Paul Ince is one of the few colored men to have managed in the Premier League
Historically, sports in the UK have been slow to learn anything from those in the US. There's a certain one-eyedness about the leading sports, stemming from an attitude of 'the game began here, so we must be doing it the best way here'.
Over time, there have been one or two concessions made. Cricket realized in the late 1980s that players could benefit from some of the fielding and throwing techniques commonplace in the NBA, whilst England's victory in the 2003 Rugby World Cup came on the back of the kicking of Jonny Wilkinson, a man whose coach, Dave Aldred, worked extensively with football sides in the US.
Other than that, though, the involvement of British teams in the US has been largely limited to sending players over for knee surgery.
Slowly, things have been changing. It began when the owners of US sports teams began following the lead set by the Glazer family and began acquiring Premier League football teams.
It was a culture shock to both sides—the new owners found themselves in a league with apparently no financial rules whatsoever, whilst managers used to having millions to spend on players whenever they wanted to suddenly found that their owners had more than one mouth to feed and were splitting their resources between the two sides of the Atlantic.
The happy result of this was that soccer had to become less insular and open itself up to what was going on around the rest of the world. Which is why we now have a situation where the English Premier League (EPL) is under pressure to implement the Rooney Rule, the rule which says that NFL teams must interview at least one minority candidate for every head coaching vacancy.
What is noticeably lacking from that support, though, is an acknowledgment that the EPL and the NFL are two very different things indeed.
For a start, the paths to management and coaching at the highest level are very different.
In the Premier League, only one manager—Andre Villas-Boas of Chelsea—did not play the game as a professional. In the NFL, of the last five Super-Bowl-winning coaches, two did not play professionally at all (Tom Coughlin and Mike Tomlin) and two had careers lasting less than five years (Tony Dungy and Sean Payton), whilst the most successful coach of the last decade, Bill Belichick of the New England Patriots did not play professionally at all, either.
The path to a managerial career in soccer is, broadly speaking: play the game, obtain some coaching qualifications, become a manager. In football, good players rarely make good coaches (look how few Hall of Fame players have gone on to have a successful coaching career).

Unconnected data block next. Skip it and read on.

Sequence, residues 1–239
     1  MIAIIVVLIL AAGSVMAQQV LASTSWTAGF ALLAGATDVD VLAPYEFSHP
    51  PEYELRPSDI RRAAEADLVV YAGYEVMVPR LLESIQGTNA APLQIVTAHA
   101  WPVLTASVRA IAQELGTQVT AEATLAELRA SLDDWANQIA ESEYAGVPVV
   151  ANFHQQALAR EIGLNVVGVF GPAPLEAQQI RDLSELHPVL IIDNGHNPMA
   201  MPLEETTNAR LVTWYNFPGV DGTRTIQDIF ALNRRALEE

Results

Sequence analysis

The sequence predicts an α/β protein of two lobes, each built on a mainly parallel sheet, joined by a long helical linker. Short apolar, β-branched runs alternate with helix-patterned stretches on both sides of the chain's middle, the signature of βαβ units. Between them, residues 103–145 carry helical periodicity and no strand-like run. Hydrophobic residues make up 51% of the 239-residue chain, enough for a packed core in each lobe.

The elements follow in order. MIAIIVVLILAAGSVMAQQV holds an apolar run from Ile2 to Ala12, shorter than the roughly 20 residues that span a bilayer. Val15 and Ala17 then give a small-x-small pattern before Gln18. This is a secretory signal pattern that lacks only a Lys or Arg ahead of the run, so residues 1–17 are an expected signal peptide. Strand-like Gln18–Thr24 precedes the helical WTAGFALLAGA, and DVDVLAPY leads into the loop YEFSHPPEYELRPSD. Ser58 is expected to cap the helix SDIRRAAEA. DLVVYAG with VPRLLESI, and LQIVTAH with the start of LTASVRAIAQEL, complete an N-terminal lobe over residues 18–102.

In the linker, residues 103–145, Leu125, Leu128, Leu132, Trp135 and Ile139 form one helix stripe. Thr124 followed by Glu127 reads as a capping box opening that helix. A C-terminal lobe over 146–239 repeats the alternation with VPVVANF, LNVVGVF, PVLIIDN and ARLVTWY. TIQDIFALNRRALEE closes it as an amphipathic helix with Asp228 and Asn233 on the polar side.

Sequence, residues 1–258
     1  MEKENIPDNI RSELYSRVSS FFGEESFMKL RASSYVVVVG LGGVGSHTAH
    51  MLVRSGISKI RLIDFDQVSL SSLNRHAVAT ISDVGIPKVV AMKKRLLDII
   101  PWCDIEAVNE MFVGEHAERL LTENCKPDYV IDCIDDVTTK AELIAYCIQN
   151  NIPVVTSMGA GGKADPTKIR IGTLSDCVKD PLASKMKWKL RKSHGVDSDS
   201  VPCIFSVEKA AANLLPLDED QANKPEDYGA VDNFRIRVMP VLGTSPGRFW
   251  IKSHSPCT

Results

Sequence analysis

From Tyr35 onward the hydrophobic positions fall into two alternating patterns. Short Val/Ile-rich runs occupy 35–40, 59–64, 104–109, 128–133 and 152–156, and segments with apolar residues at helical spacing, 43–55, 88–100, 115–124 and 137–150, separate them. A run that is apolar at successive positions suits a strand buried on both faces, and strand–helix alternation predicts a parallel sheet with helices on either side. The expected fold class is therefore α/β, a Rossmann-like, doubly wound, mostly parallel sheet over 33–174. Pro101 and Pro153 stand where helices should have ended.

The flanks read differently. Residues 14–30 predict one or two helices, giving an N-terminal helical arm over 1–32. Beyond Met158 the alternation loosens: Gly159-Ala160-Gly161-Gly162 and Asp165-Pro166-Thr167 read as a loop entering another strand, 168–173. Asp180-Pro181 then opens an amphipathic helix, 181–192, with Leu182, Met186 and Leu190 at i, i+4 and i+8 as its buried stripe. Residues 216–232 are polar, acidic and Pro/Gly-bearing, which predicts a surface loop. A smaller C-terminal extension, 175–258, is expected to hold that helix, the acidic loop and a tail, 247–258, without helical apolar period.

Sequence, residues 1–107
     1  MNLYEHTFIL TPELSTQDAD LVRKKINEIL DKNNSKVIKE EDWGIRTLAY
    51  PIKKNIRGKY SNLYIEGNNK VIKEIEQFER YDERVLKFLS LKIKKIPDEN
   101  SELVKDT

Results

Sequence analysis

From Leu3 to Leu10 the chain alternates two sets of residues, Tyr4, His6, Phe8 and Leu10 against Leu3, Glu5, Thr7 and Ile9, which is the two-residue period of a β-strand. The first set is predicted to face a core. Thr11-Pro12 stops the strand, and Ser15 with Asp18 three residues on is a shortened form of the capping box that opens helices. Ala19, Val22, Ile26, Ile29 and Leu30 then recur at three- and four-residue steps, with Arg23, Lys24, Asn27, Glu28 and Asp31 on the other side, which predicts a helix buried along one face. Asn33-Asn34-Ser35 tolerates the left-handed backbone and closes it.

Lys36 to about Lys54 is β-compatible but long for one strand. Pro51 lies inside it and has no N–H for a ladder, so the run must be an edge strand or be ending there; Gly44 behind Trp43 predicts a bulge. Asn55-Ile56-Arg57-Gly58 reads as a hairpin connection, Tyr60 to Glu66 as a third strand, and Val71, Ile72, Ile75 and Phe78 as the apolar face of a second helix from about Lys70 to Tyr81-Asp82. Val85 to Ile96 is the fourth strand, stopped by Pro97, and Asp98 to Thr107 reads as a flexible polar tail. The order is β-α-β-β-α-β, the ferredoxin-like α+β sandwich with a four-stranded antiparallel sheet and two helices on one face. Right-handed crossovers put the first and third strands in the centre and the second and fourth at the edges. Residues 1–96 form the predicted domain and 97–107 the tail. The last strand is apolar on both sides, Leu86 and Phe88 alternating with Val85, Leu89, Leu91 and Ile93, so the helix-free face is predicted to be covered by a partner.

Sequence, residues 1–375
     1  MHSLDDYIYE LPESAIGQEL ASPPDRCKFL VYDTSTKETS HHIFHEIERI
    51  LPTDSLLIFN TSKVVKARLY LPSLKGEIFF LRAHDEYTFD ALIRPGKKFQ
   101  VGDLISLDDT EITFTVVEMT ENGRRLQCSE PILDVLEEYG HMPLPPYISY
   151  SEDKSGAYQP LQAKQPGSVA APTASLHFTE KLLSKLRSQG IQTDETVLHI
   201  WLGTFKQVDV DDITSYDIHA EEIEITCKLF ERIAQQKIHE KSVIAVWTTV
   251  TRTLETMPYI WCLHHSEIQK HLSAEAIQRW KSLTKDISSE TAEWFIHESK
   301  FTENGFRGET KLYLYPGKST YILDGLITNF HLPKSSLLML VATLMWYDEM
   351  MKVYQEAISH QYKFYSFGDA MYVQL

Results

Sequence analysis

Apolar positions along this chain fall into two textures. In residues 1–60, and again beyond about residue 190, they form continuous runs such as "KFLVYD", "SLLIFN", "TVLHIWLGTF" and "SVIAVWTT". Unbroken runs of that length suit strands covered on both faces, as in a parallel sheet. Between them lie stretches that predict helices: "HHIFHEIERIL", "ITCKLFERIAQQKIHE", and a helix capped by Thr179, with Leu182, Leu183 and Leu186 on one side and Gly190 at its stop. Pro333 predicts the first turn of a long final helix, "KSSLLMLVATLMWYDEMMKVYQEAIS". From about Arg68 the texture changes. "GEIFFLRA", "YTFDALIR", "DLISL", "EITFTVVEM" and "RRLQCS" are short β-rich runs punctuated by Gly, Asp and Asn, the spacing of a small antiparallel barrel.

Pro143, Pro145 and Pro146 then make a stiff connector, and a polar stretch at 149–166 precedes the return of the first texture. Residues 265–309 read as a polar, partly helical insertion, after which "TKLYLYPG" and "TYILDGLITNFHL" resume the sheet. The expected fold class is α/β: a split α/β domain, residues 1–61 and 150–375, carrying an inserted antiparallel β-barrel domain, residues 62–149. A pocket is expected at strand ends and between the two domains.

To one extent, this explains why there is a problem. Minority coaches in football have a chance to work their way up the coaching ladder. The pressure on those running football teams at every level is such that the good coaches progress, no matter who they are or where they come from.
In soccer, if you have not made a name for yourself as a player, the chances are that you won't be managing in the EPL.
Which means that although 25 percent of the player pool for soccer is black, the pool of minority players available to become managers is far smaller.
Compare that to the NFL, where the talent pool for coaching roles is not confined to those who have played the game, and where approximately 45 percent of the player pool would be classed as minority—under the Rooney Rule, anyway.
This means that in order to appoint a black (or minority) manager, a soccer team owner has to take a chance on a player who may not have managed before. And the player that would be best suited to that role might not want to stay in the UK anyway.
Add to that the fact that soccer teams around the world tend to look not only at the talent pool within their own country, but overseas, and you will see why it is so hard for a new manager to break into management, no matter what creed or color they are.
After all, soccer clubs are businesses. Would you let someone who has never run a company of any kind run yours?
All of which begs the question: 'Would having the Rooney Rule change anything'?
On the evidence, it is hard to see how it would. Take out the significant number of players who don't want to become managers anyway, rule out those who would not be deemed successful enough as players to be considered for management (at least at the highest level), and ignore those who wouldn't want to manage in England and the number who would be affected by it is smaller than advocates of the Rooney Rule would have you believe.
The upshot is going to be that owners will know full well who they want as their new manager and all a Rooney Rule will do is to create a situation where owners use a small number of minority managerial candidates to pay lip service to it. Which isn't going to change anything.
This is, of course, an objection which applied (in a slightly different way) when the NFL introduced the Rule in the first place. But in the NFL, because coaches so infrequently come straight into an NFL role from playing, it is much clearer who is and is not a good coach and so much easier to police whether or not the rule is being applied fairly,
Which means that until soccer begins to accept that great coaches do not have to have been great players—and if the likes of Villas-Boas and Jose Mourinho are not convincing them then nothing will—then introducing the Rooney Rule is unlikely to bring about any significant change at all.